“Domestic violence and firearms are a lethal combination. Every day, an average of three women are killed by a current or former partner in America. And when a male abuser has access to a firearm, the risk he will shoot and kill a female partner increases by 1,000%. Leaving guns in the hands of dangerous abusers needlessly puts the lives and safety of survivors, their families, and communities in grave, often deadly, danger.”
Amy J. Sánchez, CEO, BWJP:
“Violence is violence, whether it is against an intimate partner or a stranger. The American legal system has a long history of disarming people who are a danger to their community. We strongly believe the Fifth Circuit’s decision in United States v. Rahimi was wrongly decided because federal provisions disarming dangerous domestic abusers subject to a protection order are proven lifesaving laws. Protection orders have long provided relief for those who escape intimate partner violence, particularly when firearms are involved. Everyone is safer when abusers don’t have access to firearms.”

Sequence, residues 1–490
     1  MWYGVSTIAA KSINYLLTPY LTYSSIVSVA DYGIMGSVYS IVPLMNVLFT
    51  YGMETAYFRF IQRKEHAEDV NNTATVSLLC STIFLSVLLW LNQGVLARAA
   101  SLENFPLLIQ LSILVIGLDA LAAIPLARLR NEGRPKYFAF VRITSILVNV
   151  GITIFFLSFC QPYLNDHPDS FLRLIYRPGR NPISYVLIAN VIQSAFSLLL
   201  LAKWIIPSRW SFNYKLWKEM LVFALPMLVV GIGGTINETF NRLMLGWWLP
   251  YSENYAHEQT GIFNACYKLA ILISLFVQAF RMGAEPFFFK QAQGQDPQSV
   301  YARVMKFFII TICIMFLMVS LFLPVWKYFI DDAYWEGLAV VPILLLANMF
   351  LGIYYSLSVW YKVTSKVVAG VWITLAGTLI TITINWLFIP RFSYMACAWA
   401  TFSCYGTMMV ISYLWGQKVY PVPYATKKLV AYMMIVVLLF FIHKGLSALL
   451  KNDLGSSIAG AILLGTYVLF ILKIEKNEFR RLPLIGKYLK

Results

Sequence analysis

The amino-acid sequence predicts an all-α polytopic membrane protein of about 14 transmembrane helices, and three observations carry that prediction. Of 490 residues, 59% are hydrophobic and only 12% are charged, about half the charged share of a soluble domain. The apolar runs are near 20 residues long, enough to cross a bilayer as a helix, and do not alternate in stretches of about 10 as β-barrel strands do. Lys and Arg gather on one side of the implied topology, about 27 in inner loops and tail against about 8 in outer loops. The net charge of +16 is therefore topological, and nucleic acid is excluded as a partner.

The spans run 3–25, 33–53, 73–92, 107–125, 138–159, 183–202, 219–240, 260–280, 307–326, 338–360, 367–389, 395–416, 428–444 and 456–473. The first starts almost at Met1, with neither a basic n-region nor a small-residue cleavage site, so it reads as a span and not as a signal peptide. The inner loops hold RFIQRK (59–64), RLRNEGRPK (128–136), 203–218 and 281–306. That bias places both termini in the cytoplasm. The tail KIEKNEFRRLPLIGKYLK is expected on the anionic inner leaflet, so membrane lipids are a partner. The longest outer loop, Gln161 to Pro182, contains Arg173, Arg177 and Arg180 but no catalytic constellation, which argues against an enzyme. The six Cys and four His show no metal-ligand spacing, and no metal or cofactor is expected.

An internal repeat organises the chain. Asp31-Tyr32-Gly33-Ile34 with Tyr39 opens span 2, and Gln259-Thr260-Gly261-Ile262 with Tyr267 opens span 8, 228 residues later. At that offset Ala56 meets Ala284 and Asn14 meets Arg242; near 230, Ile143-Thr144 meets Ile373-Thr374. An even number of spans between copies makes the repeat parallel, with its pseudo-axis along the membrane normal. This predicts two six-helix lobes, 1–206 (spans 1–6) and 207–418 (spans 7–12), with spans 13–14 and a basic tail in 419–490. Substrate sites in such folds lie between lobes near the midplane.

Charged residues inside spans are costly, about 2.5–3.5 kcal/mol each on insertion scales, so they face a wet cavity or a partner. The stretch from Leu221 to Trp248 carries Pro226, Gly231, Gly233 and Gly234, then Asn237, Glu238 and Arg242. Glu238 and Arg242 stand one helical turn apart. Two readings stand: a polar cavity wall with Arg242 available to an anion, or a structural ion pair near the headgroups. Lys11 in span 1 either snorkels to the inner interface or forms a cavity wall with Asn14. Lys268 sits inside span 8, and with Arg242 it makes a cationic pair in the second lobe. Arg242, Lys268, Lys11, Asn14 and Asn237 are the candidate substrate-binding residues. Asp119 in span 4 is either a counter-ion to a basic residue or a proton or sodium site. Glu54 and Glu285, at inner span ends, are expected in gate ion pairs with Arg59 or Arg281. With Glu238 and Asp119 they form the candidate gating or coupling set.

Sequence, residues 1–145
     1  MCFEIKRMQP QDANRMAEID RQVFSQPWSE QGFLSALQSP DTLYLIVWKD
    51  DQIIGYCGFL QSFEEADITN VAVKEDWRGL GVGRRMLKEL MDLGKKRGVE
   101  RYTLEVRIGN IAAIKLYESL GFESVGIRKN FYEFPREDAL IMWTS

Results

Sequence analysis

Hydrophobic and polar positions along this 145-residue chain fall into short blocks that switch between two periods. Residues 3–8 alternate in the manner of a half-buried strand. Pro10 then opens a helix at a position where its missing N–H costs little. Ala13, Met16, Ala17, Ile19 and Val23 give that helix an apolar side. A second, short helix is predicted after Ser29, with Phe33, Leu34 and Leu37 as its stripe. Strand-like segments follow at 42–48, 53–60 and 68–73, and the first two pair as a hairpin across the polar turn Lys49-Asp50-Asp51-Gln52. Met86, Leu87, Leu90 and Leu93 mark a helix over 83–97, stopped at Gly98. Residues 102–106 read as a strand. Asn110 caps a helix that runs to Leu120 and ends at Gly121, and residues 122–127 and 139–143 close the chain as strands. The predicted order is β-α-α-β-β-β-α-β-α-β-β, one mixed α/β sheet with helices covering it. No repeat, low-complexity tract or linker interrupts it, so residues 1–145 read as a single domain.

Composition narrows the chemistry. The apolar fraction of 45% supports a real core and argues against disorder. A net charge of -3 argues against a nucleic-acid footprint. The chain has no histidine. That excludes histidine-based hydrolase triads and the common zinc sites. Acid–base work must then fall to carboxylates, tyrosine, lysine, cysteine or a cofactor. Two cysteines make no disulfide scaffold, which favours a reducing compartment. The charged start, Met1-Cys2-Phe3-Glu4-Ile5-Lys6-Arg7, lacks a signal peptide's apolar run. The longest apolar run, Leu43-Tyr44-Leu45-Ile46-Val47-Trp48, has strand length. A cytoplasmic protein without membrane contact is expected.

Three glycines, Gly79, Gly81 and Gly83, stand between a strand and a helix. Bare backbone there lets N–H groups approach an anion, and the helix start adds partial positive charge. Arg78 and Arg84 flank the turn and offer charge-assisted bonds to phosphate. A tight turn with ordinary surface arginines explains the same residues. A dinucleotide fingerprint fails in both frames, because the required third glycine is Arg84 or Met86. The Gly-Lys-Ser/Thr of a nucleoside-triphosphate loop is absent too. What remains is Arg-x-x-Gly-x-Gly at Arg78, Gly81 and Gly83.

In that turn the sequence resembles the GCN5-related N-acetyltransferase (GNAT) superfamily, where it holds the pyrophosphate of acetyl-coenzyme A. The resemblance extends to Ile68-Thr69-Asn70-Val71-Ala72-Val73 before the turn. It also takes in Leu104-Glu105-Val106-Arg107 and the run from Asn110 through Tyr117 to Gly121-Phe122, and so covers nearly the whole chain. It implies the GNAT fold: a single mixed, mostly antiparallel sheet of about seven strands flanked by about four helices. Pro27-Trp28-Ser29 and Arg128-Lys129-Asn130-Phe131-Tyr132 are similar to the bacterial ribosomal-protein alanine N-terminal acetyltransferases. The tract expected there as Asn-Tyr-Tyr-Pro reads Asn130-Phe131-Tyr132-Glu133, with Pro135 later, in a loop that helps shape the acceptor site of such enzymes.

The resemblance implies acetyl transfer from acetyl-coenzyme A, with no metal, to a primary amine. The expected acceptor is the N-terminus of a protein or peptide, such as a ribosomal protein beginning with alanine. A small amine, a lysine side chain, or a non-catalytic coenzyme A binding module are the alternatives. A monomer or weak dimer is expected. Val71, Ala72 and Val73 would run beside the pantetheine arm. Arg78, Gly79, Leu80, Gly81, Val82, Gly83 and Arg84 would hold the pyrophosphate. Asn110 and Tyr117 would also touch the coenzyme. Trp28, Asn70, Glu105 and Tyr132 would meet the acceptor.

Alana C. Brown, Esq., Founder and Executive Director, The Safe Sisters Circle
“As an organization that specifically represents Black women survivors of domestic violence, sexual assault, and stalking, The Safe Sisters Circle is concerned with how Rahimi’s decision will affect Black survivors, who will be even more vulnerable to gun violence, should the fire-arm protections be removed from domestic violence civil cases. Black women have higher rates of intimate partner violence and general violence within their communities due to historical, cultural, and systematic factors. Further, due to the aforementioned systemic factors, the disproportionate prevalence of guns and gun-related crimes in Black communities make these provisions and protections important for Black survivors. While Rahimi will have a national effect, our work in Washington D.C. will be especially affected due to reliance on federal laws and regulations. We urge the Supreme Court to review and reverse this dangerous precedent.”